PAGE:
A leading provider of dialysis care in the United States has acquired Mt. Baker Kidney Center for an undisclosed amount of money.
The sale to DaVita Kidney Care was announced late in the day Wednesday, June 1. Mt. Baker’s 46 clinical and non-clinical employees will remain.
The center opened in Bellingham in 1980. Its representatives said patients shouldn’t expect immediate changes.
“Patient care continues as usual. All employees have been offered positions by DaVita,” said Debbie Ahl, interim executive director for Mt. Baker Kidney Center.
Sign Up and Save
Get six months of free digital access to The Bellingham Herald
Ahl added that patients likely will “see no change in their normal routine, same amazing caregivers, same medical director (Dr. Bill Lombard). Over time, DaVita will be able to bring more to the patients than a small community center can offer.”
The center is at 410 Birchwood Ave., Suite 100. It is being renamed Davita/Mt. Baker Kidney Center.
The sale occurred after more than two years of research, according to Mt. Baker.
Saying the center was “operating in an increasingly complex world,” board president Julie Johansen said Mt. Baker decided to sell to DaVita because of the company’s excellence in patient care, innovation in this area of medicine, business expertise and reputation for clinical leadership.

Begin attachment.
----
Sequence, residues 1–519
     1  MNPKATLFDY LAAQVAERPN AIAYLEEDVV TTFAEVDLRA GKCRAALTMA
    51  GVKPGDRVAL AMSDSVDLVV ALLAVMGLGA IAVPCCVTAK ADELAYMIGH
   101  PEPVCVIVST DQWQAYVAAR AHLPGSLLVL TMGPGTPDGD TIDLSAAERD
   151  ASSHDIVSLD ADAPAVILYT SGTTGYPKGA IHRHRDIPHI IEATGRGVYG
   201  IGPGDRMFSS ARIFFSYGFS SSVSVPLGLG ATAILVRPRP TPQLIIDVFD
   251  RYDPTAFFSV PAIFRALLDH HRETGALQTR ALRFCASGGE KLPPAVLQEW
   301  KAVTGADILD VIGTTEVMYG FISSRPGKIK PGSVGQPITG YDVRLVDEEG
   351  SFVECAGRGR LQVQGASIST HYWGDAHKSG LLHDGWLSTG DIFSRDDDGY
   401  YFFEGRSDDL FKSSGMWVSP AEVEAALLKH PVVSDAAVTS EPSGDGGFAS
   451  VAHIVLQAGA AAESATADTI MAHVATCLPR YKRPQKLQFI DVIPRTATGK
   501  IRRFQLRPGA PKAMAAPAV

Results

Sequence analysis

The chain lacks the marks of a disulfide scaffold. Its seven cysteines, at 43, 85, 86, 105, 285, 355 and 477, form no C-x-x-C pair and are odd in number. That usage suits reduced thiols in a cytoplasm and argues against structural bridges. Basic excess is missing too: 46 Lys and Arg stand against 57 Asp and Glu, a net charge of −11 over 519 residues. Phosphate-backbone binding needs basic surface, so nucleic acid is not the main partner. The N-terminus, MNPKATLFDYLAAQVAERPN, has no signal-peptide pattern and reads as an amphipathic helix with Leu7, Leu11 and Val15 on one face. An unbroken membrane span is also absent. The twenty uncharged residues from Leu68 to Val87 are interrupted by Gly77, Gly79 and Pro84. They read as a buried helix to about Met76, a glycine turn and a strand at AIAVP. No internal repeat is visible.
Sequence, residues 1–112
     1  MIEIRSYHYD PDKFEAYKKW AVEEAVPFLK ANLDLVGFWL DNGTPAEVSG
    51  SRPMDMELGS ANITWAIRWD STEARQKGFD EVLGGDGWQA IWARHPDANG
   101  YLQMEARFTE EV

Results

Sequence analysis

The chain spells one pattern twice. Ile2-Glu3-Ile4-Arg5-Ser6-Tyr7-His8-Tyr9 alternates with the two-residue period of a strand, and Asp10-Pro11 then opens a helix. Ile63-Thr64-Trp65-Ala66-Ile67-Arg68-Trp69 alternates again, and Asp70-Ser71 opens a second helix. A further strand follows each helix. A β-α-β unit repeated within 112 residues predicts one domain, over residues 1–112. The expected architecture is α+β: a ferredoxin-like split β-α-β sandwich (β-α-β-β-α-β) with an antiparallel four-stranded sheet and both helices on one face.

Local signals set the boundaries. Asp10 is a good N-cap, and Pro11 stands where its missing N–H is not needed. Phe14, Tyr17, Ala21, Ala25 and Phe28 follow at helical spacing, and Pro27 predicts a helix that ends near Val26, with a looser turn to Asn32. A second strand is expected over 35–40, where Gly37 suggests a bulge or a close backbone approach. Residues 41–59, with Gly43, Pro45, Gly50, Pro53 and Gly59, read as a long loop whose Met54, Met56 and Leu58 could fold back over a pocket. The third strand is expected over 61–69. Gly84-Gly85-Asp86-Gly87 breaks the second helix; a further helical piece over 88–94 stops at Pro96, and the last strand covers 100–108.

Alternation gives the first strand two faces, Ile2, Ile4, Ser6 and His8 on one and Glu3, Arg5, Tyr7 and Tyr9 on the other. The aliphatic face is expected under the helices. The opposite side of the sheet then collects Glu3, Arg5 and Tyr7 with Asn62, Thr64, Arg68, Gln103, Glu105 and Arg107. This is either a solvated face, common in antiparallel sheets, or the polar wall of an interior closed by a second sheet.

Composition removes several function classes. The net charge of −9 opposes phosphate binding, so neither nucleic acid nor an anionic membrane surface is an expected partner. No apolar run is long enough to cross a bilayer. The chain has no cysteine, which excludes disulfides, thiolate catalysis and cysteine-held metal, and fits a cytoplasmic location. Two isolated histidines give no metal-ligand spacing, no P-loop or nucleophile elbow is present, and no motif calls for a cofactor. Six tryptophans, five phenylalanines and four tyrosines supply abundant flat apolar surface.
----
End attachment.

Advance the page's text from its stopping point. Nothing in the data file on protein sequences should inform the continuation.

DaVita Kidney Care operates or provides administrative services at 2,278 outpatient dialysis centers in the U.S. that serve about 180,000 patients.
The company also operates 124 outpatient dialysis centers in 10 countries outside the U.S.
The acquisition will allow Mt. Baker to continue what it does well and offer more in the future, according to Lombard.
“This will allow the center, a Medicare five-star rated unit, to continue to provide the highest quality of dialysis care for which it is noted, and retain its incredibly competent and compassionate staff so well known to our patients,” he said in a news release.
DaVita will be able to provide services and programs for patients that a smaller, independent unit like Mt. Baker would never be able to provide, Lombard added.